US oil settles down $1.75, or 5.28%, at $31.41 a barrel

Oil due for a bounce: Pro
Oil due for a bounce: Pro
Oil hits global headwinds: Expert
Oil hits global headwinds: Expert
Oil could slip to $18: Pro
Oil could slip to $18: Pro
Normal oil price $60-$70, could take years: Pro
Normal oil price $60-$70, could take years: Pro

A brutal new year selloff in oil markets deepened on Monday, with prices plunging more than 6 percent to new 12-year lows as further ructions in the Chinese stock market threatened to knock crude into the $20s.

On Monday, China's blue-chip stocks fell by another 5 percent and overnight interest rates for the yuan outside of China soared to nearly 40 percent, their highest since the launch of the offshore market.

Morgan Stanley warned that a further devaluation of the yuan could send oil prices spiraling lower still, extending the year's nearly 15 percent slide.

While China's ructions are spooking traders over the outlook for demand from the world's No. 2 consumer, drillers in the United States say they are focused are keeping their wells running as long as possible, despite the slump, executives told a Goldman Sachs conference last week.

A pump jack and pipes at an oil field near Bakersfield, California.
Lucy Nicholson | Reuters

U.S. West Texas Intermediate (WTI) crude settled at $31.41 a barrel, down $1.75, or 5.28, having early fallen to $31.88, an intraday low going back to December 2003.

Brent crude futures were down by $1.99 at $31.56 a barrel, after falling to the lowest level since April 2004.

The markets are positioned in a way where "traders are afraid to be long," said Clayton Vernon, a trader and economist with Aquivia LLC in New Jersey. "The firm push for normalization with Iran has taken the last shred of geopolitical risk out of traders' minds."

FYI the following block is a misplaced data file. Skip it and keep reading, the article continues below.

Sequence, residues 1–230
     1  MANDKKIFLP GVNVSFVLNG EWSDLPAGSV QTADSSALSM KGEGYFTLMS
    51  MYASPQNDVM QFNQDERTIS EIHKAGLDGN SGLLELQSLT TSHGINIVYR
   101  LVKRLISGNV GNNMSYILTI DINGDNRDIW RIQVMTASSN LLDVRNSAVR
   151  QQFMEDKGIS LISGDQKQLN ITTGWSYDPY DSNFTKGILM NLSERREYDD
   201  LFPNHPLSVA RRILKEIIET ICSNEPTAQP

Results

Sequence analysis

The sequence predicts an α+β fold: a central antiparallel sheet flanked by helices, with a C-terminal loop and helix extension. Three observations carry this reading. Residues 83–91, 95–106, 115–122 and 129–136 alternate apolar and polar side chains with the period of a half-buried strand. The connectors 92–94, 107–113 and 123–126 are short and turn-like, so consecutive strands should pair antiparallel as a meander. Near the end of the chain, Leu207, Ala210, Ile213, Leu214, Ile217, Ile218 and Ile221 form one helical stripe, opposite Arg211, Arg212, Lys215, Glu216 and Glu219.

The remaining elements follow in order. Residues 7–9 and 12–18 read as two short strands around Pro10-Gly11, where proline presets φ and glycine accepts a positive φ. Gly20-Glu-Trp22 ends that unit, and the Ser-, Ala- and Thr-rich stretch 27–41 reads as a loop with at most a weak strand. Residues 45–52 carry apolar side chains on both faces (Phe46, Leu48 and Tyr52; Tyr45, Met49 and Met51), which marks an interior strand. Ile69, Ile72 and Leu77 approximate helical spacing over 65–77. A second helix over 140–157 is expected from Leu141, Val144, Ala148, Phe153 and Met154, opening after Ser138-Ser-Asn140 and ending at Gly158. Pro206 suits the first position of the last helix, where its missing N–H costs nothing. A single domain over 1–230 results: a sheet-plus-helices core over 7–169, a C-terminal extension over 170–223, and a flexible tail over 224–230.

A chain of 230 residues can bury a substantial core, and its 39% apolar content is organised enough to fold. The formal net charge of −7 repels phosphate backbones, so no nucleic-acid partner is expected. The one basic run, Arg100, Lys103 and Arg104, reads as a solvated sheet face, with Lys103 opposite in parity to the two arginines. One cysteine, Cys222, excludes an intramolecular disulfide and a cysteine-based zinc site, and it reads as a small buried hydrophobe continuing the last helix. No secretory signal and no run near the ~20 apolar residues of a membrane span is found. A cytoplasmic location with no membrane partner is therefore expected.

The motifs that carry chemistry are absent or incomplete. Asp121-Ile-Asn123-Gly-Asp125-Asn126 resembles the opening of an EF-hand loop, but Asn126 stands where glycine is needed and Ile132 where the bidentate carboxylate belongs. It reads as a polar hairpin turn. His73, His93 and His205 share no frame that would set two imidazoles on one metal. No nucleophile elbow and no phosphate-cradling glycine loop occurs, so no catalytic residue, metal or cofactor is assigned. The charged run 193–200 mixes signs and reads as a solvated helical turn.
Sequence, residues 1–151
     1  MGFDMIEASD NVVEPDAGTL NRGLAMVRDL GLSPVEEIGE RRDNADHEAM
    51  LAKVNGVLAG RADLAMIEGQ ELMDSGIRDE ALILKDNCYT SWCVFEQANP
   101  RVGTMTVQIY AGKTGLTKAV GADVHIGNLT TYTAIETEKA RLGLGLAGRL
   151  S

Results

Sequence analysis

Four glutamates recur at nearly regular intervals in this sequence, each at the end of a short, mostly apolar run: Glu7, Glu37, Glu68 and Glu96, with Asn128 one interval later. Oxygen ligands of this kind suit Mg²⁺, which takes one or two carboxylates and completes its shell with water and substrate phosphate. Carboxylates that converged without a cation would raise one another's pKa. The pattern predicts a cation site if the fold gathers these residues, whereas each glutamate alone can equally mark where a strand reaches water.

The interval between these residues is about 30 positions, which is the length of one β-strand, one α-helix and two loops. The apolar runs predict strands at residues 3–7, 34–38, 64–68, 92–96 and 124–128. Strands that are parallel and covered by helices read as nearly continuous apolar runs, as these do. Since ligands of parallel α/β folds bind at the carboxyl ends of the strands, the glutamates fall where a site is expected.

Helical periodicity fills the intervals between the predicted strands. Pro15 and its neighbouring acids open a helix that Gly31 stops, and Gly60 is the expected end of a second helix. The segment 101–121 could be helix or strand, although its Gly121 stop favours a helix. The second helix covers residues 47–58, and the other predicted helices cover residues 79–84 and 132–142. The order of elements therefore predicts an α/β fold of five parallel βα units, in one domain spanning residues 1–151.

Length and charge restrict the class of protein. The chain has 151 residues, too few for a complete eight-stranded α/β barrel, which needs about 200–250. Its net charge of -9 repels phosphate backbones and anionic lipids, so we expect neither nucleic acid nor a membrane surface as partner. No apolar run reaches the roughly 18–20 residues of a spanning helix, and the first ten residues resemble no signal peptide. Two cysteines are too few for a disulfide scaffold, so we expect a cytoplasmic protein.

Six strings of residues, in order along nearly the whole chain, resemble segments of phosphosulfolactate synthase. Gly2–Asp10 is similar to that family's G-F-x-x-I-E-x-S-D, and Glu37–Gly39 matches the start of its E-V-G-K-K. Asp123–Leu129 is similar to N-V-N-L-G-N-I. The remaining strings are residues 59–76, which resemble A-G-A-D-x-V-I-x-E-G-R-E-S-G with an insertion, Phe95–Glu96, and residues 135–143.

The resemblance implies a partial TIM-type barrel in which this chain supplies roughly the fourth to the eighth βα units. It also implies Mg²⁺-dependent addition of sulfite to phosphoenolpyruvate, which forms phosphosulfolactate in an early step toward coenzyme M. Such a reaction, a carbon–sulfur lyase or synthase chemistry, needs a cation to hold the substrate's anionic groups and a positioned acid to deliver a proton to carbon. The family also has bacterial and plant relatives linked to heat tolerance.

The European Union said on Monday that the lifting of sanctions on Iran could come soon, following a deal last year to curb the Middle East nation's nuclear program. Many market participants that Iran's return to the oil markets would add more pressure to the global glut that has knocked prices from more than $100 in mid-2014.

Even so, many big investors are still shifting more of their bets to the bearish side of the market. Speculators cut their net long position to the small since 2010 in the week to last Tuesday, with short positions rising in a sign that they are losing faith in a price rise any time soon.

"If the first week is anything to go by we are in for a long, volatile and very exhausting year. The week started on a bad note and ended on a good one but the market response, worryingly, was the same to both — sell, sell, sell," David Hufton, of oil brokers PVM Oil Associates, wrote in a note.

"China has torpedoed the hopes of the optimists. The third leg of the financial crises involving emerging markets that the IMF, World Bank, BIS and various messengers of doom had warned of has come into play," he said.

This is the Saudi news that could move oil
Contract workers fit drill pipe sections on the drilling floor of an oil rig in the Salym oilfields, operated by Salym Petroleum Development NV, near Surgut, Russia.
Mounting calls on Wall Street for $20 oil

Goldman Sachs analysts, who have also said oil could hit $20 a barrel, said in a note on Friday that sustained lower prices were needed in the first quarter "so producers will move budgets down to reflect $40 a barrel oil for 2016."

Oil prices have fallen over 70 percent since the downturn began in mid-2014 as soaring global production sees hundreds of thousands of barrels of crude produced every day without a buyer.

"If you actually look at how low (prices) need to go to hit variable-cost production, then you need a two-handle on crude and we could well be in that world now," Citi head of energy research Seth Kleinman said.

"Q2 looks brutal. You could have refiners coming offline, just as Middle East production comes back online, including Iran."

Adding to overproduction is slowing demand, especially in China where growth has dropped to its lowest rate in a generation and experts see few signs of improvement for the next few years.